United States District Court, D. Maryland
November 20, 2016, Plaintiff Charity Walters petitioned this
Court to review the Social Security Administration's
final decision to deny her claim for Supplemental Security
Income. (ECF No. 1). I have considered the parties'
cross-motions for summary judgment, and the related filings.
(ECF Nos. 18, 19, 25, 28, 29). I find that no hearing is
necessary. See Loc. R. 105.6 (D. Md. 2016). This
Court must uphold the decision of the Agency if it is
supported by substantial evidence and if the Agency employed
proper legal standards. See 42 U.S.C. §§
405(g), 1383(c)(3); Craig v. Chater, 76 F.3d 585,
589 (4th Cir. 1996). Under that standard, I will deny both
motions, reverse the Commissioner's decision in part, and
remand the case to the Commissioner for further
consideration. This letter explains my rationale.
Walters filed her claim for benefits on December 18, 2012,
alleging a disability onset date of January 1, 2012. (Tr.
156-66). Her claim was denied initially and on
reconsideration. (Tr. 100-04, 108-09). A hearing was held on
April 15, 2015, before an Administrative Law Judge
(“ALJ”). (Tr. 49-66). Following the hearing, the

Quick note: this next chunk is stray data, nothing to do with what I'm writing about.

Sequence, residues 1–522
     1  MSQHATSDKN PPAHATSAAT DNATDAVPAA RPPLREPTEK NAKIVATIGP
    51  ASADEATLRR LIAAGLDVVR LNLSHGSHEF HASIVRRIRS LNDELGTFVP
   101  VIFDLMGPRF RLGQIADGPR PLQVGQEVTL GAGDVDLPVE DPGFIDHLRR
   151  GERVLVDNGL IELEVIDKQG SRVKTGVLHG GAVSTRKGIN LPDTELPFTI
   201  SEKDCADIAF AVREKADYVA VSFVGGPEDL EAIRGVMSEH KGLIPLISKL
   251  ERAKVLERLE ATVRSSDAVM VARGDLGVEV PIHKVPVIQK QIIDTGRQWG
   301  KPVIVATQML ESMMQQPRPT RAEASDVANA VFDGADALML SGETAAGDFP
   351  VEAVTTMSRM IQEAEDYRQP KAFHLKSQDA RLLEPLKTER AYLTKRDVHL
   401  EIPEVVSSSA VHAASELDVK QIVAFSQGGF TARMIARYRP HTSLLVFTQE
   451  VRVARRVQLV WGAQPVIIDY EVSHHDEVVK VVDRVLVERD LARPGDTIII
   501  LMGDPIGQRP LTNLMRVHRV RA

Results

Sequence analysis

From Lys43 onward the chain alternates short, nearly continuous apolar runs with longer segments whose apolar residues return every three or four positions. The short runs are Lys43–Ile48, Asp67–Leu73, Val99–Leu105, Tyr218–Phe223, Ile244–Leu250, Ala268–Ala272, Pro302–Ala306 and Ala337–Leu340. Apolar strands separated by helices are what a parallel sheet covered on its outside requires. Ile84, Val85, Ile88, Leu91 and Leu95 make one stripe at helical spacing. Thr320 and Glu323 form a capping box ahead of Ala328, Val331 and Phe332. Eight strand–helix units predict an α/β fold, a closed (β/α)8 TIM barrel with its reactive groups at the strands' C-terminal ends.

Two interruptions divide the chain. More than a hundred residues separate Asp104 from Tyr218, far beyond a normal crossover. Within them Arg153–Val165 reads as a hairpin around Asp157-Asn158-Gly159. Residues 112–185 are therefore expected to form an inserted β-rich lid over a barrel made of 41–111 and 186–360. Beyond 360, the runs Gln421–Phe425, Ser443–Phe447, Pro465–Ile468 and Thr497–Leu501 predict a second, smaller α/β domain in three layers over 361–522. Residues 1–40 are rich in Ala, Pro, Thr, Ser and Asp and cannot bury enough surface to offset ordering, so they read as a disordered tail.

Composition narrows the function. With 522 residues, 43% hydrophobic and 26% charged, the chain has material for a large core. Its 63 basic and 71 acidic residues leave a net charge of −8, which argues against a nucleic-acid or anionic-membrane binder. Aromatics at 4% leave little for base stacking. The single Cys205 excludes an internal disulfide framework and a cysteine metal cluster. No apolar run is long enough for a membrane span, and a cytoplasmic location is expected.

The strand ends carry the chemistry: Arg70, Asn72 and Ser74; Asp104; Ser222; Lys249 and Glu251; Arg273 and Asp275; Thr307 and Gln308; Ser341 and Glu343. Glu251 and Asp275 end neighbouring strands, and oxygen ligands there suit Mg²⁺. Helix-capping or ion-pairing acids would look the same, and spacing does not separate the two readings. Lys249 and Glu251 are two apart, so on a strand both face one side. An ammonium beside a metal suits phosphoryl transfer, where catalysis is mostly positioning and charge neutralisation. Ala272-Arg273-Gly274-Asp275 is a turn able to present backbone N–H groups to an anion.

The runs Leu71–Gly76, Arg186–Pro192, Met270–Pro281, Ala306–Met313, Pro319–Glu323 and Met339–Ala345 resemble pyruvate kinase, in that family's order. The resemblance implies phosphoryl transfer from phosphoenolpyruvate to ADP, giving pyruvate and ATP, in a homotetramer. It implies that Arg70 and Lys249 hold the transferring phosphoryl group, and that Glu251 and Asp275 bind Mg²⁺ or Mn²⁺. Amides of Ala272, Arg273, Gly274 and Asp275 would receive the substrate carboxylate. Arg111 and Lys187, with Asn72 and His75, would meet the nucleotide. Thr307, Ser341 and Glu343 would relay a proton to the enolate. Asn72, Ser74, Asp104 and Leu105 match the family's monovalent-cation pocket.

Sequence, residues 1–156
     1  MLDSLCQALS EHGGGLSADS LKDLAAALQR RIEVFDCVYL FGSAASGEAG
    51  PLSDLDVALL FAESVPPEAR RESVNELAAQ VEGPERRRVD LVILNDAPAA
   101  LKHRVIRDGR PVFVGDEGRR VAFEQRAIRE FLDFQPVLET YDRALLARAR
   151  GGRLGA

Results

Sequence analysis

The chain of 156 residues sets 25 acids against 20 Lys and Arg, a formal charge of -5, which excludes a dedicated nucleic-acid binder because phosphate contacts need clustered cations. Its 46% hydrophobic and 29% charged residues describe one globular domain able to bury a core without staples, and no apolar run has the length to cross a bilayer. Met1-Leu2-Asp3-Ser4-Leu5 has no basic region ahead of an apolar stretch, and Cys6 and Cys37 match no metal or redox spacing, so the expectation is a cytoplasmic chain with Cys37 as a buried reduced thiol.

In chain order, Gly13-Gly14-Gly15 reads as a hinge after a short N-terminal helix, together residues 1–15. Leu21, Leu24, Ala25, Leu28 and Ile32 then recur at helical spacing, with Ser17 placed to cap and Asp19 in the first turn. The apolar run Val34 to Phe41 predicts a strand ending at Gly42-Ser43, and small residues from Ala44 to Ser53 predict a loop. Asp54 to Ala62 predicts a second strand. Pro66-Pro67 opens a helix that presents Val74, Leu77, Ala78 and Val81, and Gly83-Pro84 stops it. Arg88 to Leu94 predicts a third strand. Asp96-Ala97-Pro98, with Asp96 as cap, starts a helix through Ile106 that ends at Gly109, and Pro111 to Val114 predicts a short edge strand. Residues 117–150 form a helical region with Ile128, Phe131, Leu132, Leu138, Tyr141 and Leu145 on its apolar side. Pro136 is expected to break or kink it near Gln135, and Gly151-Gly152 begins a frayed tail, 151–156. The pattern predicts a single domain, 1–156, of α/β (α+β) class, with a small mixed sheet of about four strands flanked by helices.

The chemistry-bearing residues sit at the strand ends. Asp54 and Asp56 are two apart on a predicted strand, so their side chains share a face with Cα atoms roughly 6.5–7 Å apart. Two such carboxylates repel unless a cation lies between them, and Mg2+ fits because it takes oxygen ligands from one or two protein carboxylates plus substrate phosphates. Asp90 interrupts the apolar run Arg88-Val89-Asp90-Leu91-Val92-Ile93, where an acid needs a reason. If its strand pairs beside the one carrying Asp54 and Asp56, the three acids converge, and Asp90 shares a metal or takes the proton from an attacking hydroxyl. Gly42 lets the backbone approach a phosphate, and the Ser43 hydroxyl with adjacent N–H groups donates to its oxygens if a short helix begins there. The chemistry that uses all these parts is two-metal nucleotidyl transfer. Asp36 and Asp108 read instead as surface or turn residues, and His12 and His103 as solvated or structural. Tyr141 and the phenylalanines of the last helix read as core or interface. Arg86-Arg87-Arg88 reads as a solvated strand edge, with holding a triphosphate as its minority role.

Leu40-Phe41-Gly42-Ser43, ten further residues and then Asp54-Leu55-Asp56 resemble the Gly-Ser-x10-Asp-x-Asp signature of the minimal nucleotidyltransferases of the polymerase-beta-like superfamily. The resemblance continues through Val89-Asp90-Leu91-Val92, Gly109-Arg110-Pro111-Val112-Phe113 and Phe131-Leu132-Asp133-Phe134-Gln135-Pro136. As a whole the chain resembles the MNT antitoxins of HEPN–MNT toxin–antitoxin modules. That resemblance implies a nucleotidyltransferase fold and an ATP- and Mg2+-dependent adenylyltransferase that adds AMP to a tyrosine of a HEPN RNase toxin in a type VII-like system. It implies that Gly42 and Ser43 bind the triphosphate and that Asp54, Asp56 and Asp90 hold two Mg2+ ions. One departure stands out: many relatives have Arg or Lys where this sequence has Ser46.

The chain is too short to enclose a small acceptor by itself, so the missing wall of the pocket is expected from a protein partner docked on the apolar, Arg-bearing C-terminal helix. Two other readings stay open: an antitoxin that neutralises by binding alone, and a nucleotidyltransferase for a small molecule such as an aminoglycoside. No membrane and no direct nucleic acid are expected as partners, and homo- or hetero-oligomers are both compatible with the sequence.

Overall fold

ALJ determined that Ms. Walters was not disabled within the
meaning of the Social Security Act during the relevant time
frame. (Tr. 19-48). The Appeals Council (“AC”)
denied Ms. Walters's request for review, (Tr. 1-6), so
the ALJ's decision constitutes the final, reviewable
decision of the Agency.
found that Ms. Walters suffered from the severe impairments
of “arthralgias, migraine headaches, obesity, mood
disorder, and anxiety disorder.” (Tr. 24). Despite
these impairments, the ALJ determined that Ms. Walters
retained the residual functional capacity (“RFC”)
perform a range of light work as defined in 20 CFR
416.967(b), which generally involves lifting/carrying 20
pounds occasionally and 10 pounds frequently,
standing/walking about 6 hours, and sitting about 6 hours in
an 8-hour workday. She cannot climb ladders/ropes/scaffolds